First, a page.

By: Diana Bello Aristizábal
Many things have been said about the coronavirus since the pandemic began. But what few know and that only recently became clear is that the impact of this virus is spreading, with increasing force, to the heart.
So this year, February’s Heart Health Awareness Month has taken a different turn. The heart of many people, even of those who have never been infected with the virus, are now at greater risk of facing a complication during the course of this pandemic.
“In the past, we thought that the coronavirus only affected the respiratory system. But now we know that 78 percent of patients who are diagnosed with the virus develop some form of cardiac issue,” says Iván Mendoza, medical director of cardiology at Jackson Memorial Hospital and Jackson South Medical Center.
According to the specialist, most patients that endure heart complications as a consequence of the coronavirus are asymptomatic or have only mild symptoms. However, some people develop more serious illnesses such as arrhythmias, heart attacks, pericardial effusions, and even sudden death.
For Allan Stewart, an expert in minimally invasive heart surgery, even healthy people who get sick with COVID-19 are developing heart problems. “People are leaving the hospital with half of their heart function,” Dr. Stewart warns.
About this, Dr. Mendoza also agrees that no one is completely safe from dealing with a heart condition, although he thinks obese patients, as well as those who have lung disease, some pre-existing heart problem, or that are monosuppressed, are at greater risk.
In addition, it has been discovered that a minority of patients who developed cardiac abnormalities during the course of the disease continue to have them long after they overcome it. “We still don’t know much about this virus because only a year ago we found the first case locally, but what we do know is that many people have not been able to recover,” says Dr. Mendoza.
But not only COVID-19 positive patients are at risk. Heart problems are also extending more to those who have never been diagnosed with the coronavirus, due to the lifestyle change the pandemic has brought.
The best remedy is a comprehensive approach
Whether you have a heart problem as a result of COVID-19, are at risk of suffering from one or has one already due to the lifestyle that has been led during the pandemic, there are many things that can be done in addition to the medical support.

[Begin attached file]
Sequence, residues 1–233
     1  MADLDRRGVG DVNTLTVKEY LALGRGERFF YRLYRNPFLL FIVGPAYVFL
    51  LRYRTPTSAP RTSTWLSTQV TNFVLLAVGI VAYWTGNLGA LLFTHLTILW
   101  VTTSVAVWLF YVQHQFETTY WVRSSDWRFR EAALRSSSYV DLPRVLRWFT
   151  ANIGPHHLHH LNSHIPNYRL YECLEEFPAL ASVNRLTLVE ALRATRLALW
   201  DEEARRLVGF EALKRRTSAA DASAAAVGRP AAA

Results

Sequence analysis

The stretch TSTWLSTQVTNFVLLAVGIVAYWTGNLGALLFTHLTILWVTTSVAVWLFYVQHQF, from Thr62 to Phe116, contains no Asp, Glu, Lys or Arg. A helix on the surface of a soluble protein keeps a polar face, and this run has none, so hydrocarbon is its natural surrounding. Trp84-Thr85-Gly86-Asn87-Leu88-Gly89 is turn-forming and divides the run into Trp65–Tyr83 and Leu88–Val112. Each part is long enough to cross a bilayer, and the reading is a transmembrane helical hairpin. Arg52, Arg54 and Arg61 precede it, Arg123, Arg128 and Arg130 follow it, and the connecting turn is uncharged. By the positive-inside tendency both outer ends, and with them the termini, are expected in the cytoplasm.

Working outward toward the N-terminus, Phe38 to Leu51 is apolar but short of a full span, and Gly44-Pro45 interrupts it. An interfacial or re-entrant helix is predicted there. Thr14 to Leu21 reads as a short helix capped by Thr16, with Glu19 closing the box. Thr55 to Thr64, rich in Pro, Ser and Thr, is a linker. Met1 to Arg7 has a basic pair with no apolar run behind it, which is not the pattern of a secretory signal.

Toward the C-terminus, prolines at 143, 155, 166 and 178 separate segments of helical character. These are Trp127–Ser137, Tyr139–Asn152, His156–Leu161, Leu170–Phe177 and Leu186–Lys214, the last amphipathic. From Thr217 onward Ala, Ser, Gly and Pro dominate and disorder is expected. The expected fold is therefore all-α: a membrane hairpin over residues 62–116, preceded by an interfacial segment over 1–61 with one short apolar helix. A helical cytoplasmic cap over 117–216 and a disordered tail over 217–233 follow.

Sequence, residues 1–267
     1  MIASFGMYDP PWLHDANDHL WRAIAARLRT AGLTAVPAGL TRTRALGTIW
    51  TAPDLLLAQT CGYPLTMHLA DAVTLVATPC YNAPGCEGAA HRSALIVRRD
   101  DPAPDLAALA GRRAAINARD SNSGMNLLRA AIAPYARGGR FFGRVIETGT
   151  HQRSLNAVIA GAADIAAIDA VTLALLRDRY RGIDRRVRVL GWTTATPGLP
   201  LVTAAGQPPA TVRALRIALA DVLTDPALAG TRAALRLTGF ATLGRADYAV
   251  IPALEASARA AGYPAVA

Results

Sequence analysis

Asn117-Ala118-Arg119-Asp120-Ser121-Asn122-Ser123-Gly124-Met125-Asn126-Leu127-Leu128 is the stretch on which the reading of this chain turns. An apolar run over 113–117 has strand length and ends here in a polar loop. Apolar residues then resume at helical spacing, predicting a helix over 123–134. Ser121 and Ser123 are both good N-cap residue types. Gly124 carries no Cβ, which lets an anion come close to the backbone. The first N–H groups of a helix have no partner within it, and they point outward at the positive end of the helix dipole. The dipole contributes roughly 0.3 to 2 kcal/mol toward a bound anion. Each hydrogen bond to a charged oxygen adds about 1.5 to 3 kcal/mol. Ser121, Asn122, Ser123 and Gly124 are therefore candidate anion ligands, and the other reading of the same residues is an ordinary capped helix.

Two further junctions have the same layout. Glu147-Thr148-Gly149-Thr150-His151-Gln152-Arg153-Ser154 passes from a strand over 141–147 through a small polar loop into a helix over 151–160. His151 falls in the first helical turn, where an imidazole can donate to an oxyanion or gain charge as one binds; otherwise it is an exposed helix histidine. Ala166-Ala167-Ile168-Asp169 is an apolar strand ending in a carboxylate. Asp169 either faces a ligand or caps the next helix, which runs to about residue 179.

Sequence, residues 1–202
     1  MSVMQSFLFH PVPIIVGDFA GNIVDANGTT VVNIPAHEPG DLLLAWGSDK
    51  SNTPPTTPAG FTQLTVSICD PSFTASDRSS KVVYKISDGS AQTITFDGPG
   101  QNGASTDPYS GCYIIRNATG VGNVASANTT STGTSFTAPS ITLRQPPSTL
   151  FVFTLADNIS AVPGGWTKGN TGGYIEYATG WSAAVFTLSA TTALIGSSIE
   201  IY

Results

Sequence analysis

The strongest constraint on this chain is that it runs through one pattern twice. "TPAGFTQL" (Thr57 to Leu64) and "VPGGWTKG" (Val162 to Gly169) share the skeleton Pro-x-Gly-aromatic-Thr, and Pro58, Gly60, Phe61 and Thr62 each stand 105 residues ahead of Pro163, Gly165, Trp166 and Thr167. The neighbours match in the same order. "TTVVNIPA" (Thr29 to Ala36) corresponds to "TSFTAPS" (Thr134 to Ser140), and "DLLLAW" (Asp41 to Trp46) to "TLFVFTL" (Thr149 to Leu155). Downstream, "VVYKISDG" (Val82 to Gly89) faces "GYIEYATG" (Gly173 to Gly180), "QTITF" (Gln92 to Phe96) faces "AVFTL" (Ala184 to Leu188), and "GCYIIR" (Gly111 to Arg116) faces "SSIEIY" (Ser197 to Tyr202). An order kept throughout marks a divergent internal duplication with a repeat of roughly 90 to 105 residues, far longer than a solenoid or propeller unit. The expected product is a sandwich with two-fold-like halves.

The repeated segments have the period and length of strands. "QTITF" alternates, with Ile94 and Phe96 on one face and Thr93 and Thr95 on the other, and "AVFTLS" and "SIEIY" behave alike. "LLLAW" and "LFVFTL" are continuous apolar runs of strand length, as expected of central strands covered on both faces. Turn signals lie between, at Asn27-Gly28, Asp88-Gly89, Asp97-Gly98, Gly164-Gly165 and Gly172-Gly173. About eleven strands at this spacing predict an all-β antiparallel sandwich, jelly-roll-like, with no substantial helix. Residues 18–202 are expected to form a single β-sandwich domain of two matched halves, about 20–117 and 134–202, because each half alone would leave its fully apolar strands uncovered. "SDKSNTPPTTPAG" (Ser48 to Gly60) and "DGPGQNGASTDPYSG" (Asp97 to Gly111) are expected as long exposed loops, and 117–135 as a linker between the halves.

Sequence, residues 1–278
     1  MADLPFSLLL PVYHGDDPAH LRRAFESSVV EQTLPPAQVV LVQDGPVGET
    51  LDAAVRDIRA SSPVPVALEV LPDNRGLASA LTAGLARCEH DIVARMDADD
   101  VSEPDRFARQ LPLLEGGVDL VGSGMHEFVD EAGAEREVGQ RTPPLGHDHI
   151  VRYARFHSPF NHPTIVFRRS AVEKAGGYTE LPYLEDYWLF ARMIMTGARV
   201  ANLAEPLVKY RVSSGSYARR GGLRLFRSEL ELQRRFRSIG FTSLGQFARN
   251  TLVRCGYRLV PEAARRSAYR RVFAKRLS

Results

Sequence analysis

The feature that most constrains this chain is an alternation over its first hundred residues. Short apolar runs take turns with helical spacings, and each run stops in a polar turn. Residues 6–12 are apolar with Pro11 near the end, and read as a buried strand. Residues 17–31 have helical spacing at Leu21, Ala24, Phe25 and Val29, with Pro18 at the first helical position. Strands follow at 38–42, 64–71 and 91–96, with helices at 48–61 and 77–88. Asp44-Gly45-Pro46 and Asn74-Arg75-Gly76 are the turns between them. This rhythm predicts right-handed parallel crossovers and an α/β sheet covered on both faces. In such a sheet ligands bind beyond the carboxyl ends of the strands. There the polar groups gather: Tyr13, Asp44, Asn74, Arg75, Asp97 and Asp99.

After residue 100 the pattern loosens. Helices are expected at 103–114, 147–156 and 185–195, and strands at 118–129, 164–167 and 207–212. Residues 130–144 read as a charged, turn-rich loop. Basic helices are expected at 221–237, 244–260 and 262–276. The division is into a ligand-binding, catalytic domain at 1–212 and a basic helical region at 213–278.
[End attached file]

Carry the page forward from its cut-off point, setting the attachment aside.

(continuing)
According to Dr. Stewart, who is also the head of the cardiovascular surgical programs for HCA East Florida’s Miami-Dade facilities, which includes Kendall Regional Medical Center, among others, the pandemic has exacerbated heart issues because people have modified their lifestyle habits.
“We need social structure to moderate our behavior. When we were going to the office and we wanted to take a cigarette break, we had to ask our supervisor. But now we can take all the breaks we want and that is why people have gone from smoking half a pack a day to two,” explains Dr. Stewart.
The same scenario is happening with alcoholic beverages and food, both available to people 24 hours a day. “You can have cereal for lunch every day because no one is paying attention,” adds Dr. Stewart.
On the other hand, quarantines, as well as the closing of fitness centers, have made people to adopt an even more inactive lifestyle than before. “Folks are not working out outside because they fear catching the virus,” he says.
In addition, individuals are going less to the doctor for their routine check-ups, also thinking they might get sick, which is why they are stopping treating chronic diseases such as diabetes or hypertension.
As a result of this dynamic, we are seeing more and more increasing levels of obesity, vitamin deficiency, high blood sugar, high blood pressure, liver congestion, and mental health problems, such as anxiety and depression, in the population.
“The entire community is affected by the pandemic, not only those who get sick. Social isolation, unemployment, and distance learning, among other factors, increase anxiety levels, which directly impacts the heart because there is more production of certain stress hormones such as cortisol,” explains Dr. Mendoza, also a clinical cardiologist and electrophysiologist.
To start acting against this, the first step is to modify the diet. Experts recommend limiting sugars and processed foods intake as much as possible and increasing proteins and vegetables to reduce the possibility of developing an inflammatory syndrome which can create coronary and vascular disease.
It is also suggested to exercise at least four times a week in 45 minutes sessions, sleep a minimum of seven hours each night and meditate at least 15 minutes a day.
Other recommendations that extend to those who have already suffered from coronavirus include regularly measuring oxygen saturation, monitoring blood pressure and pulse, as well as weight changes.
“I recommend to all COVID-19 positive cases to contact their primary doctor. You may think that your heart is in perfect shape and that your health is controlled when in reality you may have a cardiac problem to address,” says Dr. Mendoza.
In the event of been diagnosed with a cardiac complication, the drug regimen should be continued not only during the course of the coronavirus but even afterwards, as advised by Dr. Mendoza.
Finally, there are red flags to be heeded. “If you are doing your normal activity and you feel as if you have an elephant on your chest in addition to shortness of breath, you should go to the doctor immediately,” warns Dr. Stewart.